Congressman García Leads Letters to DOJ and City of Chicago Urging Policing Reforms
CHICAGO, IL — Following the introduction of the Connecting Youth to Jobs Act, a bill to create living-wage employment opportunities for young people facing barriers to employment and historically disadvantaged youth, Congressman Jesús “Chuy” García (IL-04) sent two letters this week calling on the Department of Justice and the City of Chicago to make urgently needed police reforms.
- On Thursday, May 27, Congressman García led the Chicago Congressional delegation in sending a letter to the Department of Justice, urging the agency to withdraw its formal opposition to the consent decree between the Attorney General of Illinois and the City of Chicago. Chicago representatives Danny K. Davis, Bobby L. Rush, Robin L. Kelly, Jan Schakowsky, Mike Quigley, Marie Newman joined in signing the letter.
The agency’s opposition to the consent decree, which dates to the Trump-era Department of Justice (DOJ), makes it harder to use federal resources to bring badly needed reform to the Chicago Police Department (CPD). Removing this official opposition would help ensure full and timely enforcement of the consent decree.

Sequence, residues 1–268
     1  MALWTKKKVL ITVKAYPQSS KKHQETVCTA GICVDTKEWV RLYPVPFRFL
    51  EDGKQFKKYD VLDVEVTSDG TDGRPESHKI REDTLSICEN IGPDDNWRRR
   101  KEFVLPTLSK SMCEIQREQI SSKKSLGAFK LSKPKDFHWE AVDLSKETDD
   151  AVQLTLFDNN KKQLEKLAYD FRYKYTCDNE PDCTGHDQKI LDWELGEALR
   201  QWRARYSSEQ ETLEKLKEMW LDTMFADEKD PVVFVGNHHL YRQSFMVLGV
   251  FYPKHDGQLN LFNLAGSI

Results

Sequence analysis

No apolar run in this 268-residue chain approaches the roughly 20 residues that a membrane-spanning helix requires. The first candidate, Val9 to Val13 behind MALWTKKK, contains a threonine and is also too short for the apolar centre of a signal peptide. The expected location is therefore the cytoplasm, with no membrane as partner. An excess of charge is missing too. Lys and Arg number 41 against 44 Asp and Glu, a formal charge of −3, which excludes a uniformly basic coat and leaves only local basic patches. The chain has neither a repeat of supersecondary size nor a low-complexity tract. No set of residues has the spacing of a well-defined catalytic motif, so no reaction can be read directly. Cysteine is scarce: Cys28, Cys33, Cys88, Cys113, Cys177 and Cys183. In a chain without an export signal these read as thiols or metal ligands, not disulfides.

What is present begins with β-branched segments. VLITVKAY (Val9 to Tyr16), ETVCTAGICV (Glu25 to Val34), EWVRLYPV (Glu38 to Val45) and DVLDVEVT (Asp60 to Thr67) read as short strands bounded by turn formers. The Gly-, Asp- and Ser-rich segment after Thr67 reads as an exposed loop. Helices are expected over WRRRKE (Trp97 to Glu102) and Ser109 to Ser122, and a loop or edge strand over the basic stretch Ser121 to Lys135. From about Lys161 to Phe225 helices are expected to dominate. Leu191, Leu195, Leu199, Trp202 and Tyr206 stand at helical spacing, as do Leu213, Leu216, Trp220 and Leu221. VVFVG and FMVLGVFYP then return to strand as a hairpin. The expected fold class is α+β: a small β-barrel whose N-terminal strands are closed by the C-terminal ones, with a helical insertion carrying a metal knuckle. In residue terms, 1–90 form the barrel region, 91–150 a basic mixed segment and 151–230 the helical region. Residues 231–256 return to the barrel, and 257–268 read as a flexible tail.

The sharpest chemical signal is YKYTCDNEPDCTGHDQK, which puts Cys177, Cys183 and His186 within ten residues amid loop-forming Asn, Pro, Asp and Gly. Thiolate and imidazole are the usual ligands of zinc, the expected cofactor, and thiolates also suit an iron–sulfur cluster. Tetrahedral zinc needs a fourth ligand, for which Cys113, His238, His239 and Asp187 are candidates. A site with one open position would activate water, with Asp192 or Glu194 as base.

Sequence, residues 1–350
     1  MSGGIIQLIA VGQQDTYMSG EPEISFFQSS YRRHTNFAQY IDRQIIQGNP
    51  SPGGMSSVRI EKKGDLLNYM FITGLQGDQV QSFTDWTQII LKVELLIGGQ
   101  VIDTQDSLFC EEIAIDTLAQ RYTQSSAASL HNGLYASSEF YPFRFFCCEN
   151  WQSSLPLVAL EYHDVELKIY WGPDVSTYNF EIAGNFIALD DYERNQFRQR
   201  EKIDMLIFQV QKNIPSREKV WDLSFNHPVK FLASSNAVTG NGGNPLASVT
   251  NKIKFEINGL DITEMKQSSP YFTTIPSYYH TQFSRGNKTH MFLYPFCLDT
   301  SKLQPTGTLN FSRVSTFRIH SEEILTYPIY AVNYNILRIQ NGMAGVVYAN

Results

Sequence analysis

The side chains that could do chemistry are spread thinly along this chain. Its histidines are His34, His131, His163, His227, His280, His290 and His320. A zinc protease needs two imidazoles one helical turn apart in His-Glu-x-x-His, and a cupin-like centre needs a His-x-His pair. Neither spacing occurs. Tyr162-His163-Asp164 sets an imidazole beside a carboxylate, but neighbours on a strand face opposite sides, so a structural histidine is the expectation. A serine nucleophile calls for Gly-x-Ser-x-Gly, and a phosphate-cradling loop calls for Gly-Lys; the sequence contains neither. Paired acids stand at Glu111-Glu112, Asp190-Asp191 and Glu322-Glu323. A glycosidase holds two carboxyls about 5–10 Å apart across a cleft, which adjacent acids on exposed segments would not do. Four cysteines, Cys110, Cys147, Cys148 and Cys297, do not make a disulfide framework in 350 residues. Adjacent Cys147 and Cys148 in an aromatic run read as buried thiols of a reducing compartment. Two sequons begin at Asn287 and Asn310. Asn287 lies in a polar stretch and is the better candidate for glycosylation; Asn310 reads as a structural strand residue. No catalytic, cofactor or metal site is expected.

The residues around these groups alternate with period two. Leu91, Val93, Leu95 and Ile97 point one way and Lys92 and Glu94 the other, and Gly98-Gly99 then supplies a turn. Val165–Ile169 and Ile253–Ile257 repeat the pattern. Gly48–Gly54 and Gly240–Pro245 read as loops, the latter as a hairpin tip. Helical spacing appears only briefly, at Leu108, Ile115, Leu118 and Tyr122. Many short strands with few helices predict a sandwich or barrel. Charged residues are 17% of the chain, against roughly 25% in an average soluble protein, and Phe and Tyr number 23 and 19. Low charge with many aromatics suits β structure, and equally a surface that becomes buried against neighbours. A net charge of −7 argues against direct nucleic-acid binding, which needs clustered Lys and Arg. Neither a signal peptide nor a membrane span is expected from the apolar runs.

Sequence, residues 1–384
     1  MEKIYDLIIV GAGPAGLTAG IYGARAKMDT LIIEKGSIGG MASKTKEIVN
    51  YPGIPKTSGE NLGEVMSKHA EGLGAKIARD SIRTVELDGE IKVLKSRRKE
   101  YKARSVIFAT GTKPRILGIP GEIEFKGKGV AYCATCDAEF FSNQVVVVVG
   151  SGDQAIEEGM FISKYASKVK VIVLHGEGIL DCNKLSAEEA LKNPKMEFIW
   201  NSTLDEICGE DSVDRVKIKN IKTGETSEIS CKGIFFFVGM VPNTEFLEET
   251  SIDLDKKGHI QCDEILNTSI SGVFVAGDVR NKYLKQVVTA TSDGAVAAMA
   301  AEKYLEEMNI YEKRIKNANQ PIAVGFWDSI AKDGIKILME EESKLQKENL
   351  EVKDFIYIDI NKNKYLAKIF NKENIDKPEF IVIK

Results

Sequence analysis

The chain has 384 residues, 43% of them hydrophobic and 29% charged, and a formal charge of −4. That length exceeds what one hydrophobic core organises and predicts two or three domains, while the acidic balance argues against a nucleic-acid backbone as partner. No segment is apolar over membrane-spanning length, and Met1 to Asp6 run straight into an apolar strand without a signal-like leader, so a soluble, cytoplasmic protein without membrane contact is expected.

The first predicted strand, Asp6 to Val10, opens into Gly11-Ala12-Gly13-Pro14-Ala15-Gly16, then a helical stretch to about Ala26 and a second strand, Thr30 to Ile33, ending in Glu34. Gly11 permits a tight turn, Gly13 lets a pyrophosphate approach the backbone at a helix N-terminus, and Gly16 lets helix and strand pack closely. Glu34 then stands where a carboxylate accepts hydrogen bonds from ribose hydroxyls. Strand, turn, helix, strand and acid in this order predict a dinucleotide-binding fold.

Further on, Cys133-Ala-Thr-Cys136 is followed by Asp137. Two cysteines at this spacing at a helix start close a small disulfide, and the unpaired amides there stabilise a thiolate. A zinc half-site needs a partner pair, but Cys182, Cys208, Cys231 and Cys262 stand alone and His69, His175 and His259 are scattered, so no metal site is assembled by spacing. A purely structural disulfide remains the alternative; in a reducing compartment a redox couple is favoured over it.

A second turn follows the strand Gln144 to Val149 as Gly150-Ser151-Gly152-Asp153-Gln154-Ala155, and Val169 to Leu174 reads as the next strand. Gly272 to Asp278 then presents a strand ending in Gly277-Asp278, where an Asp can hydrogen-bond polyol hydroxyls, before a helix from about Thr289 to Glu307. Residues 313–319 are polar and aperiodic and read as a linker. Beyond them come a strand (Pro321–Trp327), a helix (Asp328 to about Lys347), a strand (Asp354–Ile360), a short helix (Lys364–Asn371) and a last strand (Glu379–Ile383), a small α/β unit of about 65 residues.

- On Wednesday, May 26, Congressman García sent a letter to the City of Chicago urging it to consult closely with community groups before issuing a foot pursuit policy—which the city has since committed to do—rather than rushing out a policy that does not respond to community needs.
Congressman García issued the following statement:
“Latino and Black communities should not fear the very police who are pledged to protect us. I’m calling on the City of Chicago and the U.S. Department of Justice to take these steps to improve enforcement of the CPD consent decree and help prevent police violence in our neighborhoods.
“Despite repeated community calls for a formal CPD foot pursuit policy, no such policy was in place when police shot and killed two young men, Adam Toledo and Anthony Alvarez, less than 48 hours apart. Although it is too late to save the lives of these young men, the CPD must work with the community to institute a well-designed foot pursuit policy that reduces the number of dangerous foot chases.
“At the federal level, the DOJ should withdraw its opposition to the CPD consent decree, a position issued by then-Attorney General Jeff Sessions under the Trump Administration, and provide the Illinois Attorney General’s office with the resources they need to implement and enforce it. As we continue our fight for more transformative police reform and community investment, this is a small but necessary step toward the full and timely enforcement of CPD’s consent decree.”
A copy of the letter to the City of Chicago can be found here.
A copy of the letter to the Department of Justice can be found here.
The Congressman’s statement on the introduction of his Connecting Youth to Jobs Act can be found here.